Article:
Xylitol and dogs (as well as other animals)

To be on the safe side, Xylitol is best not used with dogs and other non-humans. While there are conflicting observations and studies, the "negative" reports re hypoglycemic (insulin-increasing) effects on dogs are concerning enough to warrant total xylitol "abstinence" at least for your canine friend(s).

Using high-Activator-X butter as the key element of his dietary anti-caries protocol, Dr. Price was able to stop tooth decay in its tracks and completely reverse it. Previously active caries lesions started to grow new dentin and remineralize, glazing the formerly carious tooth with a new finish and making all dental work superfluous. One dramatic case history involved a 14-year-old girl who after taking Activator X concentrate and high-vitamin cod liver oil capsules three times daily during the space of seven months experienced the complete healing of the whopping 42 cavities she had in 24 teeth.

Price found great variations in the Activator X concentration among butters from various sources. Butter made from the milk of cows grazing on vitamin-K-rich pastures (particularly rapidly growing wheat grass and alfalfa) yielded the highest amounts of Activator X. The soil quality also strongly influenced Activator X concentrations (interestingly and in line with other observations regarding the nutritional quality of foods grown on rich vs. depleted soils, Activator X concentrations in butter were found to be lowest in US-American states with the longest history of agricultural use of its soils [the East and the Far West], while they were shown to be highest in Deaf Smith County (Texas), the very county dentist George W. Heard found to be "free of toothache" (see A dentist who proved the vital importance of mineral-rich nutrition to dental health).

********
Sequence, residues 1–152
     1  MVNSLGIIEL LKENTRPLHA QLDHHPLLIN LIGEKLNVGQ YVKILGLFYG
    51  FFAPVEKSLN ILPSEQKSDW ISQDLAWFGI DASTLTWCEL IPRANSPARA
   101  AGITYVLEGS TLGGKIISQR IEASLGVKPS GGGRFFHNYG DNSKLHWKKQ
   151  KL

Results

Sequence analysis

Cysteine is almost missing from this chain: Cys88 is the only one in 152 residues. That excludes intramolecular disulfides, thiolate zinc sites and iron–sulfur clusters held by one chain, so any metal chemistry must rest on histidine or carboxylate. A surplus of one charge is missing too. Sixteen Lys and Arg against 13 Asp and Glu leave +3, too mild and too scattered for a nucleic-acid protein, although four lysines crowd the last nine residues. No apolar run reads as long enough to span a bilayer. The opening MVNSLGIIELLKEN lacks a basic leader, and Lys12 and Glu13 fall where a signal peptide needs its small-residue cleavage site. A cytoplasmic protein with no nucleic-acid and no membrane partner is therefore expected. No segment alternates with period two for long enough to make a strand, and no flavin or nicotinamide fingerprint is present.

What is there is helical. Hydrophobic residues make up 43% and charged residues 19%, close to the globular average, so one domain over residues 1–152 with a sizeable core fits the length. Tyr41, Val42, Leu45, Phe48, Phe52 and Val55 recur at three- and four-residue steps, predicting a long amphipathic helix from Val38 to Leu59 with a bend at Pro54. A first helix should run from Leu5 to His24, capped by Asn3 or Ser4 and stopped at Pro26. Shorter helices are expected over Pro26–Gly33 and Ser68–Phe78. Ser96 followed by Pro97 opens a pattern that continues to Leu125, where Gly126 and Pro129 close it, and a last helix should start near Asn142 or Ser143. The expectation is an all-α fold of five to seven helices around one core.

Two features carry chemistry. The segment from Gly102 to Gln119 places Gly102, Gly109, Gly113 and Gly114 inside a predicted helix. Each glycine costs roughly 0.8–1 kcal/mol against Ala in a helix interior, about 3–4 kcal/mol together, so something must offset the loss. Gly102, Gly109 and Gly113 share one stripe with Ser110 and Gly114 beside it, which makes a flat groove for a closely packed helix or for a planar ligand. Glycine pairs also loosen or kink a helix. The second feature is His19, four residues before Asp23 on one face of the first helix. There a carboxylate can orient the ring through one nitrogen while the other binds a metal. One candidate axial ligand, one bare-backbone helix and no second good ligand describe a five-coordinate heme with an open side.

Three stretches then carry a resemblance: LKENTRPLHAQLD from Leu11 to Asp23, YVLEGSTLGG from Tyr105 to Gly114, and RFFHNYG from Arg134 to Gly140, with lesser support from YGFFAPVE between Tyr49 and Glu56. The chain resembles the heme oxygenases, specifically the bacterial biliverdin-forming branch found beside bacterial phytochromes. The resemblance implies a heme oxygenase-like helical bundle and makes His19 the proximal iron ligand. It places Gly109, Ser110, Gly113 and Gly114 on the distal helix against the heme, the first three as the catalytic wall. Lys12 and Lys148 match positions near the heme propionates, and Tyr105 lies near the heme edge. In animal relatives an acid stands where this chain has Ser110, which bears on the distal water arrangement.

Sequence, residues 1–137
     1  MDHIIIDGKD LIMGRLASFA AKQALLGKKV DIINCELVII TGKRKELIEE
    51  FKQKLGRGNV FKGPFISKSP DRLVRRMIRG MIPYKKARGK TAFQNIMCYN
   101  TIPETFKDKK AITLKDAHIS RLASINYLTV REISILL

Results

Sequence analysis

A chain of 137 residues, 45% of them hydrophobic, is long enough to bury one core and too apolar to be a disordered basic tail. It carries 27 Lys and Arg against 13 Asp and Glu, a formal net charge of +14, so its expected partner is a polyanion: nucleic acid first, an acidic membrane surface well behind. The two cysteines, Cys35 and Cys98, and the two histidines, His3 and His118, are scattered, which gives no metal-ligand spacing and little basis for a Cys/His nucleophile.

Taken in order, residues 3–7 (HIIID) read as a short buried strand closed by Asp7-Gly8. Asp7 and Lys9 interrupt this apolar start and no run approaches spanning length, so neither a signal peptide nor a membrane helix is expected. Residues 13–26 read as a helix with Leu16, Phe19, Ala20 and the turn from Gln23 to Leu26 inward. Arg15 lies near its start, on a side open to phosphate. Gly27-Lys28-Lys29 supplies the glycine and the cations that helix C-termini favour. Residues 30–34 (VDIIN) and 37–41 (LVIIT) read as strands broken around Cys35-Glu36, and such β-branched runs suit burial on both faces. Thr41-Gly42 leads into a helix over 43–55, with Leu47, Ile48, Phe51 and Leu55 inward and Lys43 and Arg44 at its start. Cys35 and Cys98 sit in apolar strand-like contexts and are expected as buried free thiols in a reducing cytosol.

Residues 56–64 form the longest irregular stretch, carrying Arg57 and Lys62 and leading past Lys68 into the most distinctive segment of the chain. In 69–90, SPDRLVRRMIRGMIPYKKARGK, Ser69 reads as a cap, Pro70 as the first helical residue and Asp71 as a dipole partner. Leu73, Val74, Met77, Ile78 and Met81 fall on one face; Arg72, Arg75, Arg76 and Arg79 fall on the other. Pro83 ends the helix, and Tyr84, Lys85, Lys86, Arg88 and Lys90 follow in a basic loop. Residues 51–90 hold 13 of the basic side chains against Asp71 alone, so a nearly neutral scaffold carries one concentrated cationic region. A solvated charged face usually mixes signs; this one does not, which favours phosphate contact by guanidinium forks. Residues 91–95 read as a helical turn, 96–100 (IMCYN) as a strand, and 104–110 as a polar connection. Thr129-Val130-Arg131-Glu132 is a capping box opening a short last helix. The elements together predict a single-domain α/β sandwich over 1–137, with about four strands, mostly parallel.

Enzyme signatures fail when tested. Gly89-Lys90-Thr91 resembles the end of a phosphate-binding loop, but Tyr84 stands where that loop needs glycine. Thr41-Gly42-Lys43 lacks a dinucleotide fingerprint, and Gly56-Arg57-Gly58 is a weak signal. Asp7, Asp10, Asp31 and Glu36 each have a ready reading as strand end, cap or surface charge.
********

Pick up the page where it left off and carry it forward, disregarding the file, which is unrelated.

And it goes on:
As has now been virtually established, the sought-for true identity of Price's Activator X is vitamin K2. All the characteristics Dr. Price detected in Activator X are indeed exhibited by vitamin K2. Here are some of the facts Dr. Price discovered:

Activator X is synthesized by animals from a precursor found in rapidly growing grass. (Vitamin K2 is synthesized from vitamin K1 found in green plants.)
Activator X is found in the fatty portions of milk and in animal organs and fats (so is vitamin K2 ).
Activator X acts in synergy with vitamin A and vitamin D. (Vitamins A and D signal cells to make proteins such as osteocalcin, vitamin K2 subsequently activates these proteins.)
Activator X plays a crucial part in the utilization of minerals and is a required element for the control of tooth decay. (Vitamin K2 activates the proteins which deposit and organize calcium and phosphorus in bones and teeth and keeps that same calcium from being deposited in the soft tissues of blood vessels, kidneys etc.)
The intake of Activator X is inversely related to the incidence of heart disease. (Vitamin K2 helps prevent abnormal calcification or accumulation of atherosclerotic plaque in the heart and kidneys, blood vessel inflammation etc. by maintaining calcium in the bones and discouraging calcium deposits from forming in arteries.)

Supplementing with vitamin K2

There are two types of vitamin K2 supplements available, one is synthetic vitamin K2 (menaquinone-4 or MK-4) and the other is natural MK-7 (menaquinone-7) derived from natto.

Synthetic MK-4 is considered equivalent to the natural vitamin K2 (MK-4) present in animal fats and has been used in osteoporosis studies performed in Japan which established the link between K2 and bone health as well as in the majority of animal experiments5 performed with similar purposes.

When taking vitamin K2 in pill form, you may wish to combine their ingestion with fat since this has been found to increase its uptake by the body ("bioavailability"). No toxic effects have been observed from high doses of vitamin K2.

A look on the internet shows that there are numerous sellers offering various vitamin K2 supplements of various qualities. If you go for supplementation, choose wisely :-).

Caveat: patients taking oral anticoagulants (warfarin and the like) should ask their physician before taking vitamin K2 supplements since the latter interfere with the former's activity.